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May 18, 2012

Classical music world loses another giant: baritone Dietrich Fischer-Dieskau

Just saw the dispiriting news that Dietrich Fischer-Dieskau, the incomparable German baritone who set the gold standard for lieder singing, died Friday at 86.

I daresay he helped a lot of people appreciate lieder -- really appreciate it. When you heard Mr. Fischer-Dieskau's beautiful tone and incisive phrasing, you found yourself inside a song, living the lyrics, sensing the poetic images.

The baritone left a sizable mark on other repertoire, of course, including opera. His performance in the Britten "War Requiem" remains one of the most profound documents of 20th century musical art. His interpretations of Mahler were equally inspired.

He was simply one of those exceedingly rare vocal artists who could make you sit up and take notice, no matter what the music, and make you feel so very fortunate.

Here are just a couple of examples of the artistry of Dietrich Fischer-Dieskau, singing Schubert, Schumann and Mahler:

Posted by Tim Smith at 10:19 AM | | Comments (2)
Categories: Clef Notes


D. F-D has been an inspiration for me, especially for the use of 2 things: legato and mixed voice.
I thank him for that.

My condolences in the death of Dietrick Fischer-Dieskau.

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About Tim Smith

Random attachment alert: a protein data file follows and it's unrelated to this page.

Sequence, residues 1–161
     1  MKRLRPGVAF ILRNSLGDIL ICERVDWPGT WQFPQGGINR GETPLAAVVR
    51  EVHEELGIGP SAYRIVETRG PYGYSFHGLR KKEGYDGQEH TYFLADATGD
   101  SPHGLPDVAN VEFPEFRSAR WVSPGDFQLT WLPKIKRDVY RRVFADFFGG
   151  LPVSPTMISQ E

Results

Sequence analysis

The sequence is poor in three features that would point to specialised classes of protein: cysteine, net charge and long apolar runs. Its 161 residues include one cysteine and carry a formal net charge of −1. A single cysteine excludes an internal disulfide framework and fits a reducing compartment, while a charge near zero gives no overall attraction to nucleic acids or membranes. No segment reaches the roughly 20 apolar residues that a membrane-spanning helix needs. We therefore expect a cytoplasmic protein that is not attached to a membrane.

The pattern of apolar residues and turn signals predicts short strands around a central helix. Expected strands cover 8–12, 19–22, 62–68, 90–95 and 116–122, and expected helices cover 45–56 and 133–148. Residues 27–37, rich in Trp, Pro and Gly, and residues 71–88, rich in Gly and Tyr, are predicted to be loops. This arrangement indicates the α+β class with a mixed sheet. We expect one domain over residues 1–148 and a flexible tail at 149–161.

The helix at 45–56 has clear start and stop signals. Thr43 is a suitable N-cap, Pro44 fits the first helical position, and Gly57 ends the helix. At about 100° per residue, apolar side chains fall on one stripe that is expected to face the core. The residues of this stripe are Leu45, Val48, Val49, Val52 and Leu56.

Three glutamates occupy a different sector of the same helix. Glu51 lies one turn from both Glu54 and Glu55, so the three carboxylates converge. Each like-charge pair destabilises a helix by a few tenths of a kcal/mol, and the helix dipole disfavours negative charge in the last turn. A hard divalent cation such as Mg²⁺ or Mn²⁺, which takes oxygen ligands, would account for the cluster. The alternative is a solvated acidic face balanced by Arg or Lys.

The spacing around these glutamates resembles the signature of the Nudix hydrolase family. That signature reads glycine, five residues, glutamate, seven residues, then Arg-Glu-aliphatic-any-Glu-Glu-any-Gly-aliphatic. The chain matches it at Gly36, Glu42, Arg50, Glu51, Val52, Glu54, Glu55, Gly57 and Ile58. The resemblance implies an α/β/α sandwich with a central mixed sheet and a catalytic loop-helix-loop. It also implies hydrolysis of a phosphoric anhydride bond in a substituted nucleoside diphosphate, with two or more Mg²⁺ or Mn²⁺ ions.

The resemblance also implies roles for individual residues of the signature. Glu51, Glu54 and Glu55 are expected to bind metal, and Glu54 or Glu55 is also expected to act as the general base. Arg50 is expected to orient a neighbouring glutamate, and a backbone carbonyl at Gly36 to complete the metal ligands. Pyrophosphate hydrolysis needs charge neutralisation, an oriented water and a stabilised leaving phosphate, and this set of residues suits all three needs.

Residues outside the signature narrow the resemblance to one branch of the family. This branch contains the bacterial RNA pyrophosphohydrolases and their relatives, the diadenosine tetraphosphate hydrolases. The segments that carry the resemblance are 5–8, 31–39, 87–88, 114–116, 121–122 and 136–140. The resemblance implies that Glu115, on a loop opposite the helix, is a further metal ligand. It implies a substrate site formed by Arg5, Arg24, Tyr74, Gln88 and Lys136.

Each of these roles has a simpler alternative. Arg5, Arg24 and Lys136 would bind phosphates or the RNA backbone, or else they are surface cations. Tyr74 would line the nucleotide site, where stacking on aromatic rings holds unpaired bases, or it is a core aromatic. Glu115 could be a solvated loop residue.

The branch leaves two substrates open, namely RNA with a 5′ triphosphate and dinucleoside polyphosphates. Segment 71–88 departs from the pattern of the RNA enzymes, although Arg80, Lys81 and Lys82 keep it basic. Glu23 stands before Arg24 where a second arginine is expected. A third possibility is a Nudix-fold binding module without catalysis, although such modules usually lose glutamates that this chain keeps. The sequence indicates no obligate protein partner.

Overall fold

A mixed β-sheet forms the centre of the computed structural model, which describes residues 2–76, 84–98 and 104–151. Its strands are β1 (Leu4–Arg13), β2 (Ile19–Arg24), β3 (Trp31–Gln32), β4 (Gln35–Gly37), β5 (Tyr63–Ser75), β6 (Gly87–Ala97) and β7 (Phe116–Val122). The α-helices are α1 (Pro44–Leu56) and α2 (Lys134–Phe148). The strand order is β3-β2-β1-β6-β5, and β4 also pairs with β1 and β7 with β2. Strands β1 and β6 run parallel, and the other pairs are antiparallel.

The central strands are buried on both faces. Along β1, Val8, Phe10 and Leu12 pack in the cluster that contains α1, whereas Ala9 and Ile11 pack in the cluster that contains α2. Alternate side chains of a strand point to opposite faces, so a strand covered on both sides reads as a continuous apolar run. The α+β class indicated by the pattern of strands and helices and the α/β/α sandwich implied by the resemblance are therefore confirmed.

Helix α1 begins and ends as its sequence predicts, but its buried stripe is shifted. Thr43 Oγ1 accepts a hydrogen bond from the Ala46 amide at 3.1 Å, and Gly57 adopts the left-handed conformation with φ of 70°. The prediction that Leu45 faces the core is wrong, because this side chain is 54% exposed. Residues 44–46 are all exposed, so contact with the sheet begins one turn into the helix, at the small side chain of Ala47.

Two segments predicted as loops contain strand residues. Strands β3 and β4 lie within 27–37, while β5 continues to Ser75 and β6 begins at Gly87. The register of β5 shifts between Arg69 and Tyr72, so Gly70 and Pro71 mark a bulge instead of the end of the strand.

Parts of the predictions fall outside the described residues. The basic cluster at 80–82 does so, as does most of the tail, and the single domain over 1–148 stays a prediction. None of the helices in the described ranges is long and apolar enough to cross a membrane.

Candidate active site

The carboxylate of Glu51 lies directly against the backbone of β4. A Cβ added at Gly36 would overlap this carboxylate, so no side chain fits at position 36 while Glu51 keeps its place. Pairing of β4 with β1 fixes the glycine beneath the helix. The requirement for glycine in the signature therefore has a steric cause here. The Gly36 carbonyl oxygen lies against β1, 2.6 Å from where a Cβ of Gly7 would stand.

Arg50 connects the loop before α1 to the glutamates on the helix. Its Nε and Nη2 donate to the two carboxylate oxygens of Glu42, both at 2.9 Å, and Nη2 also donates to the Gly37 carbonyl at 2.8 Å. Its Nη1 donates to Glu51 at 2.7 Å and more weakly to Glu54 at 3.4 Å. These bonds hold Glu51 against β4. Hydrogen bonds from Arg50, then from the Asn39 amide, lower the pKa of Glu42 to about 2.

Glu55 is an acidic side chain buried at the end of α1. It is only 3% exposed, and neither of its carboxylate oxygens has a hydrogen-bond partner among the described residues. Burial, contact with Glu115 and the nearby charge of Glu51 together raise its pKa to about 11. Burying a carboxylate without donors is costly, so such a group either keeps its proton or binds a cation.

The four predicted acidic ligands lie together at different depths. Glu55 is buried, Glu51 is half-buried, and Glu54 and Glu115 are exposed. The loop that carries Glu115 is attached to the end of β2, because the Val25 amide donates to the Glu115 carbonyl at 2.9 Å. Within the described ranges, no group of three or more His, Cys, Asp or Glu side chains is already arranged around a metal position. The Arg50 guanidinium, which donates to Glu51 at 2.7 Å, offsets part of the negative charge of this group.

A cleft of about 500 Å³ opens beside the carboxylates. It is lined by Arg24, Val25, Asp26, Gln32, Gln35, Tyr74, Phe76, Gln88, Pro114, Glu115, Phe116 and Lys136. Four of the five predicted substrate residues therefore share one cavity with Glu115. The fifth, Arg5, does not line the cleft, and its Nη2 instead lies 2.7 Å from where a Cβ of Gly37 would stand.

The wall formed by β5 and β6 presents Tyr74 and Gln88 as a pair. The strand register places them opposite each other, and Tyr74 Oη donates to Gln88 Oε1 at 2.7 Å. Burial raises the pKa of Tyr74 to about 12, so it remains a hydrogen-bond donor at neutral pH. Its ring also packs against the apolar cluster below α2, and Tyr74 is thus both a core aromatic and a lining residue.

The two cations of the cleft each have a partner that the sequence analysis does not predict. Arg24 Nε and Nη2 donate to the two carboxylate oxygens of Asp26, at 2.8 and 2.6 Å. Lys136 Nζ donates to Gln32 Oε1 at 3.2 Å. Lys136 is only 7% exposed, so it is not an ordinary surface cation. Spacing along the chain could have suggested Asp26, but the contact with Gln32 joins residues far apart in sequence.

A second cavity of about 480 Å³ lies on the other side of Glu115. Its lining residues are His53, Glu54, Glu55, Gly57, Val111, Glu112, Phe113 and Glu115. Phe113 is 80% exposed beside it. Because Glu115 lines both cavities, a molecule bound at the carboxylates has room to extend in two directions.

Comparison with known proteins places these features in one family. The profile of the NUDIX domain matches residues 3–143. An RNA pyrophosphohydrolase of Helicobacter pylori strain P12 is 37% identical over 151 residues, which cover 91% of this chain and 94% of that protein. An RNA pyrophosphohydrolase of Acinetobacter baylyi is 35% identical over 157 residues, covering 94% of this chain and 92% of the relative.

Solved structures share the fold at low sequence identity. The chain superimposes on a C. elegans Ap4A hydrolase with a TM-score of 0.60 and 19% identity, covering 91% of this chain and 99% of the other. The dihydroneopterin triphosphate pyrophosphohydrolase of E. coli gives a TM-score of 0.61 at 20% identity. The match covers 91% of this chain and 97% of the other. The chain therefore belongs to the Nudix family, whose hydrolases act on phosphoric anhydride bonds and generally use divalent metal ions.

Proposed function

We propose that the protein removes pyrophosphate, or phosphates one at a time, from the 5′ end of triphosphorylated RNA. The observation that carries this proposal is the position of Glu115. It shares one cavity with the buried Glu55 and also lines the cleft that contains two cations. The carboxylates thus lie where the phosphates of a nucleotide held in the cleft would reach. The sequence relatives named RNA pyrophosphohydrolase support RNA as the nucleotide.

Born and raised in Washington, D.C., I couldn't help but develop a keen interest in politics, but music, theater and visual art also proved great attractions. Music became my main focus after high school. I thought about being a cocktail pianist, but I hated taking requests, so I studied music history instead, earning a B.A. in that field from Eisenhower College (Seneca Falls, N.Y.) and an M.A. from Occidental College (Los Angeles). I then landed in journalism. After freelancing for the Washington Post and others, I was classical music critic for the Sun-Sentinel in South Florida, where I also contributed to NPR. I've written for the New York Times, BBC Music Magazine and other publications, and I'm a longtime contributor to Opera News. My book, The NPR Curious Listener's Guide to Classical Music (Perigee, 2002), can be found on the most discerning remainder racks.

I joined the Baltimore Sun as classical music critic in 2000 and, in 2009, also became theater critic, giving me the opportunity to annoy a whole new audience. In 2010, my original Clef Notes blog expanded to encompass a theatrical component -- how could I resist calling it Drama Queens? I hope you'll find both sides of this blog coin worth exploring and reacting to; your own comments are always welcome and valued (well, most of them, at least).

Think of this as your open-all-hours, cyber green room, where there's always a performer or performance to discuss, some news to digest, or maybe just a little good gossip to share.
Note: Tim Smith now writes about the fine arts at This blog will be kept in place as an archive for an indefinite period. Please visit the new location to get the latest Mid-Atlantic arts coverage.
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